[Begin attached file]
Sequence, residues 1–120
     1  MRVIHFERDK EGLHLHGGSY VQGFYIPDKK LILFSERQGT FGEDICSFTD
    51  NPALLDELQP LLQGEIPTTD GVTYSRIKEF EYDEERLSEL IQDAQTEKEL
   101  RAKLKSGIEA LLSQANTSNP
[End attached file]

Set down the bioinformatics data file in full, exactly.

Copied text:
Sequence, residues 1–120
     1  MRVIHFERDK EGLHLHGGSY VQGFYIPDKK LILFSERQGT FGEDICSFTD
    51  NPALLDELQP LLQGEIPTTD GVTYSRIKEF EYDEERLSEL IQDAQTEKEL
   101  RAKLKSGIEA LLSQANTSNP